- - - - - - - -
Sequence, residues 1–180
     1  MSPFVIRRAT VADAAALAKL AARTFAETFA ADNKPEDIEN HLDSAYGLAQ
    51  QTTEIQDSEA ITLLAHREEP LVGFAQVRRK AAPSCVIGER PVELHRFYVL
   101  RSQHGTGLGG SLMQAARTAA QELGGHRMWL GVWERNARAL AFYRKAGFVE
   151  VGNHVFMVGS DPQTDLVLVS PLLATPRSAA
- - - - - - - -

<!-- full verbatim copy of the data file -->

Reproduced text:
Sequence, residues 1–180
     1  MSPFVIRRAT VADAAALAKL AARTFAETFA ADNKPEDIEN HLDSAYGLAQ
    51  QTTEIQDSEA ITLLAHREEP LVGFAQVRRK AAPSCVIGER PVELHRFYVL
   101  RSQHGTGLGG SLMQAARTAA QELGGHRMWL GVWERNARAL AFYRKAGFVE
   151  VGNHVFMVGS DPQTDLVLVS PLLATPRSAA